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Archive for Thursday, December 8, 2005

Poinsettia, Norfolk Island pine festive for holidays

December 8, 2005

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Now that the flag has officially dropped on the Christmas season, the next several weeks will be packed full of family gatherings, office parties and other seasonal events.

I say let the gift giving begin!

While many people choose to purchase commercial gifts, others take pride in creating their own. I, on the other hand, prefer to give green. Not money - plants. Here are some tips to keeping these holiday plants alive this year:

An American icon for many years, poinsettias are still the No. 1 holiday plant to give or receive. First brought to America in 1825 by Joel Roberts Poinsett, poinsettias are native to Mexico and are a member of the genus Euphorbia.

Several of its relatives contain diterpenes, a toxin known to cause death. However, this is not the case with poinsettias. In fact, the 1985 American Medical Assn. Handbook of Poisonous and Injurious Plants states that the poinsettia has not been found to produce fatal effects when taken orally or applied to the skin. Though there may be an allergic reaction to the milky sap in some people, there has never been a recorded case of poisoning. Do not take this to mean that we should start adding poinsettia leaves to our salads. Lettuce is much tastier and far less expensive. But do display these magnificent plants in a place where all in the home can enjoy them.

With proper care, a poinsettia should stay beautiful for weeks or even months. Set the plant in a sunny window. The more light, the better. Be sure that the plant does not touch the window, as the cold will damage the leaves. Keep plants away from warm and cold drafts such as heater ducts, above the television, on the fireplace mantel or in front of open doors to the outside. Punch holes in the bottom of the decorative foil to allow excess water to drain through the pot. Water the plant when the soil is dry by adding enough water so that it runs out the bottom. Then, do not water the plant again until the soil dries.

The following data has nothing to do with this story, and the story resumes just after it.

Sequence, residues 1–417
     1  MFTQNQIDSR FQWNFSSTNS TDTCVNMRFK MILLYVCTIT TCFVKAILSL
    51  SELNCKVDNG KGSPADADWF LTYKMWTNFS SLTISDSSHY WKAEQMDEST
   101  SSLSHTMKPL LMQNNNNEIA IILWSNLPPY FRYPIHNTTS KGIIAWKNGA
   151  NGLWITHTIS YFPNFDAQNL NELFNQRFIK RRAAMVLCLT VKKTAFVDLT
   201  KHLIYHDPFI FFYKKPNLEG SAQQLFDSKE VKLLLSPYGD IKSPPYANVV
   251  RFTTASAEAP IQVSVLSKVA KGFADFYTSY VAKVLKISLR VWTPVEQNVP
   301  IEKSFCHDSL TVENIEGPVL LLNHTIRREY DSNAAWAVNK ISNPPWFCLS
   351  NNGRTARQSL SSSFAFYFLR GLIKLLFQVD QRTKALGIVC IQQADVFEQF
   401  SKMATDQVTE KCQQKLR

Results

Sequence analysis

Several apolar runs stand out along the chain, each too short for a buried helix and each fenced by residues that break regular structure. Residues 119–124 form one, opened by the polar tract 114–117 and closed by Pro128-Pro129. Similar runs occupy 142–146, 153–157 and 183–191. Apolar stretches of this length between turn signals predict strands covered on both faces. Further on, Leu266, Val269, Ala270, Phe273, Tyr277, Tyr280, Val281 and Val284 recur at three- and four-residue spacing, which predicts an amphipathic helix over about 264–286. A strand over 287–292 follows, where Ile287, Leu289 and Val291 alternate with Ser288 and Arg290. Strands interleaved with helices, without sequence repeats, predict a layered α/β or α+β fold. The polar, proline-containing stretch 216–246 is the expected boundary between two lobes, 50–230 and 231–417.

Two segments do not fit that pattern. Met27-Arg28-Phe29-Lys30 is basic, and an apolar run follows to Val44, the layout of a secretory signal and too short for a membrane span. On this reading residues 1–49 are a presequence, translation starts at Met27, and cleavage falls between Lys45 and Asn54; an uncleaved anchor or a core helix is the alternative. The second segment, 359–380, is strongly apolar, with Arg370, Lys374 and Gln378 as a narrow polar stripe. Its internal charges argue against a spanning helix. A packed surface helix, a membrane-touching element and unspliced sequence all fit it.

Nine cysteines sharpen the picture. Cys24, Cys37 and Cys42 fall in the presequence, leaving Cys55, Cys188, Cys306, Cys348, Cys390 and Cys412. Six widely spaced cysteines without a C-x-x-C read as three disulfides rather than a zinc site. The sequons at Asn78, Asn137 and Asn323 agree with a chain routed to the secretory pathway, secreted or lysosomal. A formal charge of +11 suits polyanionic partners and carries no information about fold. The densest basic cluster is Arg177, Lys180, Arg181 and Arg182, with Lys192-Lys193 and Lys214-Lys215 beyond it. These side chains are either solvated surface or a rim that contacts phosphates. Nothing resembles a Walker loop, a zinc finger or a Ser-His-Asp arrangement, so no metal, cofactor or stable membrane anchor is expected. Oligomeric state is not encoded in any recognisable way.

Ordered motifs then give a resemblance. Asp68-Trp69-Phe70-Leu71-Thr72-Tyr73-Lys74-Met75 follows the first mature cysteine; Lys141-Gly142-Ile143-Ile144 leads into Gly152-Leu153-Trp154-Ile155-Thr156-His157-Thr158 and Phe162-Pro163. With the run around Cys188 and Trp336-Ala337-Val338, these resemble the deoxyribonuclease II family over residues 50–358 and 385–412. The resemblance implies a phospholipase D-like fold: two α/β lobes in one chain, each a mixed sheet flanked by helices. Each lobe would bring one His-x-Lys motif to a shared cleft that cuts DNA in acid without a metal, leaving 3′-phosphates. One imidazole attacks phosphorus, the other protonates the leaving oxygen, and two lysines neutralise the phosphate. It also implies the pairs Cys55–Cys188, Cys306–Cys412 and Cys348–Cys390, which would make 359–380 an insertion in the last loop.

Another popular plant is the Norfolk Island pine. It is often used as an indoor living Christmas tree because it resembles a true pine with horizontal branches and bright green needles. It is a tropical evergreen tree that is adaptable to indoor conditions. With proper care, it can be a long-lasting houseplant that grows 3 to 6 inches annually. They do well in indirect sunlight but do not like wet feet. To water them, apply enough water to allow some to drain out of the bottom of the container, then discard the excess. Fertilize sparingly with a complete water-soluble fertilizer being sure to follow the manufacturer's recommendations. Fertilize older plants every three to four months, and repotted or newly purchased plants every four to six months. They only need to be repotted every three to four years using a commercially available potting mixture.

A third popular holiday plant is amaryllis. Amaryllis is a tender bulb that can be forced to bloom this time of year. The genus name, Hippeastrum, means "horse star," an appropriate name for a plant that produces massive blooms as much as 8 to 10 inches across. These plants can produce three to four blooms on a 1- to 2-foot-tall stem. Amaryllis bulbs vary in size. However the bigger the bulb, the bigger the bloom. They like tight quarters, so plant them in a pot only 1 to 2 inches larger in diameter than the bulb, leaving half of the bulb exposed. Amaryllis likes day temperatures in the 70s and night temperatures in the 60s. The flower bud may start to appear right away or the plant may remain dormant for a period of time, but eventually all mature bulbs do bloom. Move the plant to a cooler location and out of direct sunlight when the flower buds begin to show color so that the flowers last longer. Amaryllis can remain in bloom for about a month.

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